Private equity investment is an evolving force in orthopedics and can give practices an advantage in the market, according to physicians part of the July merger of two management services organizations.
United Musculoskeletal Partners and Novum Orthopedic Partners merged, and Denver-based Panorama Orthopedics and Dallas-based Arlington Orthopedic Associates joined as founding partners.
Raj Bhole, MD; Eric Wieser, MD; and Mark Conklin, MD, are leaders of the founding partners, and they spoke with Becker's about private equity and their outlook for orthopedics.
Note: Responses were edited for clarity and length.
Question: What's your outlook for private equity in orthopedics? Do you think it's doing more good or harm to the specialty overall?
Dr. Raj Bhole. UMP Board Member and Chair of Resurgens Orthopedics (Atlanta): Private equity has successful roots in healthcare. Private equity in orthopedics is in an early stage, and it will certainly continue to evolve and mature. But the core principles of physicians maintaining leadership, decision authority and equity ownership are sound. As these markets continue to consolidate amongst hospitals, healthcare systems and managed care organizations, it is essential that patients seeking high-quality, cost-effective care, and physicians striving to practice medicine in an independent, private practice setting, have choices. UMP provides that choice.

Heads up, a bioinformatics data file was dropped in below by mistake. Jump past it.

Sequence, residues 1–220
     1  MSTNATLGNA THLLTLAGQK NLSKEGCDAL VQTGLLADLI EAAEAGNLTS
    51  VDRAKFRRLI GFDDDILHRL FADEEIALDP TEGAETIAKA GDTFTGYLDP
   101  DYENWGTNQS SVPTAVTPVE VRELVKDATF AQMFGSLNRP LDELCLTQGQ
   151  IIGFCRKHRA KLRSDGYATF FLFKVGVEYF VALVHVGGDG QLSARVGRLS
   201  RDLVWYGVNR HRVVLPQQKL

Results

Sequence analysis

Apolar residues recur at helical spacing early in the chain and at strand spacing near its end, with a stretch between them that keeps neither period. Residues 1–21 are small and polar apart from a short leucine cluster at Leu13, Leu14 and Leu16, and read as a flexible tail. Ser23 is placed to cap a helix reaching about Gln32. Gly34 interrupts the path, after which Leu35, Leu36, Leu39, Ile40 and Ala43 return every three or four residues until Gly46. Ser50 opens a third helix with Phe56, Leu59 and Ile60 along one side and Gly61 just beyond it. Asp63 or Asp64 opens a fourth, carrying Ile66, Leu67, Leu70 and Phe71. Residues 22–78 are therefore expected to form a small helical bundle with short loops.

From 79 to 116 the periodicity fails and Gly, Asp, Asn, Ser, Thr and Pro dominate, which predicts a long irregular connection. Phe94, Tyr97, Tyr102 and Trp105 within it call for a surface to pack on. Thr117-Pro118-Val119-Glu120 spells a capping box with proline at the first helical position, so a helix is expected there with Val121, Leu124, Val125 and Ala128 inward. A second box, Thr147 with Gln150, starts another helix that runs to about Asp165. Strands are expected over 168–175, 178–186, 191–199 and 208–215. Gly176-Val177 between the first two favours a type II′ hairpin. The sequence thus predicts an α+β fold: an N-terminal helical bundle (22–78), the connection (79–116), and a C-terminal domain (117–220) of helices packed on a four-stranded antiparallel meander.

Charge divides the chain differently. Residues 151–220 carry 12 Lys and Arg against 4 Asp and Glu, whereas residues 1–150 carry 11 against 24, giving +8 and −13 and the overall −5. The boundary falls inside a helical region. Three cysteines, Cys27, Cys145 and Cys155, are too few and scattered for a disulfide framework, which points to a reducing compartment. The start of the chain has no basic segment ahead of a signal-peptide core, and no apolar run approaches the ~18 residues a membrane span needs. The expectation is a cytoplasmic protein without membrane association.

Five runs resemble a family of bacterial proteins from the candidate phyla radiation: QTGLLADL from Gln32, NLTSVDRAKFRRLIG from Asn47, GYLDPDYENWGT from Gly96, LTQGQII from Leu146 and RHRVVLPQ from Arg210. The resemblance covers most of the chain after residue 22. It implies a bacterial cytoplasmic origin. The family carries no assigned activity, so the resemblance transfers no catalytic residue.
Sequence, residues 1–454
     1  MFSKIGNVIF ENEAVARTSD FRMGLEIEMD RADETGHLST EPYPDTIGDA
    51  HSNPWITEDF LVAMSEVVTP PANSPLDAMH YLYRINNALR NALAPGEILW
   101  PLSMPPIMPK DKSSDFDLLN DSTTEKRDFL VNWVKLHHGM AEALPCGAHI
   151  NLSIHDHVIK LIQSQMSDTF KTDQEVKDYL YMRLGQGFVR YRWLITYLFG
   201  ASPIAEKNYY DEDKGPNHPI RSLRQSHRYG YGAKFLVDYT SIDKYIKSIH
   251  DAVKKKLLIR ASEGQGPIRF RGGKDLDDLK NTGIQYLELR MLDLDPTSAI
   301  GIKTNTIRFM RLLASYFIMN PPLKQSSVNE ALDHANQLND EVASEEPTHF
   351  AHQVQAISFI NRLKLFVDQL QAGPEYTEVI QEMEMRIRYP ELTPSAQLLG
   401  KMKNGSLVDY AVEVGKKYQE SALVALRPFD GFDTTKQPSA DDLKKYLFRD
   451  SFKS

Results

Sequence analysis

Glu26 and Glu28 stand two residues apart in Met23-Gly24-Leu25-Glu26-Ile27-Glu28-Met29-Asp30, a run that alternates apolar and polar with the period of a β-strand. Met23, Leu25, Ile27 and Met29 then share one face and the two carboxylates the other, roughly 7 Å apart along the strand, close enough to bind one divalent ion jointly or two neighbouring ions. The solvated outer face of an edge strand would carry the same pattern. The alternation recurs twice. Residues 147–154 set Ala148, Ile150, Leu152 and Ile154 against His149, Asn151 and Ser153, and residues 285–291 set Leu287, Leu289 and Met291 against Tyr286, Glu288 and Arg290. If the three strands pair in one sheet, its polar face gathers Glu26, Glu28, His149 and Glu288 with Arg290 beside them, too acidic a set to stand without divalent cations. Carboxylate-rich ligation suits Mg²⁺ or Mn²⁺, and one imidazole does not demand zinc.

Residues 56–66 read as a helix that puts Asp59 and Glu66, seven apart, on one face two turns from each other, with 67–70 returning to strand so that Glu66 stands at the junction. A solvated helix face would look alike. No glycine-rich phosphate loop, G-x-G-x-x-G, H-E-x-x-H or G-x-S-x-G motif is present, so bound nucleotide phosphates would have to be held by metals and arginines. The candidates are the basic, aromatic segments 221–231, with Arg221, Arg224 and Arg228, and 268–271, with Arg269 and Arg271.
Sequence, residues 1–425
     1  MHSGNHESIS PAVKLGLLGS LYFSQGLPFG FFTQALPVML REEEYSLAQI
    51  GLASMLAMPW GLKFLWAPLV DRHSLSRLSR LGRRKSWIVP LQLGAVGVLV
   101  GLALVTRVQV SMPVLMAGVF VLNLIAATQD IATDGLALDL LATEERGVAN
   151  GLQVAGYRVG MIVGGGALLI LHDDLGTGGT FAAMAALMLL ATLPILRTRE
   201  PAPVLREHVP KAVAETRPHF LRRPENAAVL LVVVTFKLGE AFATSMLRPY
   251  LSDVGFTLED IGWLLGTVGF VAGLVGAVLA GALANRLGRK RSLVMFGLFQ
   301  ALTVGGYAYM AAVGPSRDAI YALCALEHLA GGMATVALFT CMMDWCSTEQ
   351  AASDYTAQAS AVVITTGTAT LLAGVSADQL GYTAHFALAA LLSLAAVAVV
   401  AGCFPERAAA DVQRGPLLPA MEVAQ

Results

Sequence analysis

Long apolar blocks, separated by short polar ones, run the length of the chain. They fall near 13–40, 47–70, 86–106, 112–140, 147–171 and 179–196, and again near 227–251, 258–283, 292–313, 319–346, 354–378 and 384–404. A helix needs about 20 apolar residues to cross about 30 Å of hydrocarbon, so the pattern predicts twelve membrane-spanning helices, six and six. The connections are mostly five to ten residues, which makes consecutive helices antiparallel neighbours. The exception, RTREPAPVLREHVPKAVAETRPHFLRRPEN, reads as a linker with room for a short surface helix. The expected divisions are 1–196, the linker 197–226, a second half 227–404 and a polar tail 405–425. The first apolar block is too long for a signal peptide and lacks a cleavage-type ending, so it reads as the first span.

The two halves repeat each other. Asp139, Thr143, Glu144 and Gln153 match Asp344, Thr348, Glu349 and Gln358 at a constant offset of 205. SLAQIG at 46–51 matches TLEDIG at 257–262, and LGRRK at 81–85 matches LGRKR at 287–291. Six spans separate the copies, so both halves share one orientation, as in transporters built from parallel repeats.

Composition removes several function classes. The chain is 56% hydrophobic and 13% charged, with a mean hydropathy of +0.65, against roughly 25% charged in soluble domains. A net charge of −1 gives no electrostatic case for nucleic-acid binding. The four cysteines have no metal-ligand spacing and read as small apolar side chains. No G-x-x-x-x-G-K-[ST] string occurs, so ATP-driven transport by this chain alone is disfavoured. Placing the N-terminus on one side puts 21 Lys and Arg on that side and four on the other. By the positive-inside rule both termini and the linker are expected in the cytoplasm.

Dr. Eric Wieser. UMP Board Member and Vice President of Arlington Orthopedic Associates (Dallas): I think private equity is good for the specialty because it allows physicians to really focus on what's important — practicing medicine and giving our patients the best care possible. Private equity gives us the advantage of having access to the capital that we need to expand and having people with business training take care of running our groups efficiently and growing the business.
Dr. Mark Conklin. UMP Board Member and President of Panorama Orthopedics (Denver): I think private equity is a great opportunity for orthopedics to really solidify our future. We compete against health systems and in some cases, managed care companies that are coming in and have really deep pockets. This is our way to solidify our future in the market and be able to grow with the capital that we need. Healthcare is a business, and it becomes complicated when we're trying to practice medicine to also focus on growing our business in order to compete in the market. Private equity provides expertise and experience in the business side, which is a huge plus.
Establishing value-based care is also very important, but is a very expensive thing to try to do. It involves a large number of physicians and a larger geographical area to accomplish that. Consolidation has been around for a long time. There are lots of large orthopedic groups around the country. In a lot of cases they're just a merger of smaller groups and probably not as integrated as we plan on becoming. So I see private equity being here to stay and I think it will continue to grow.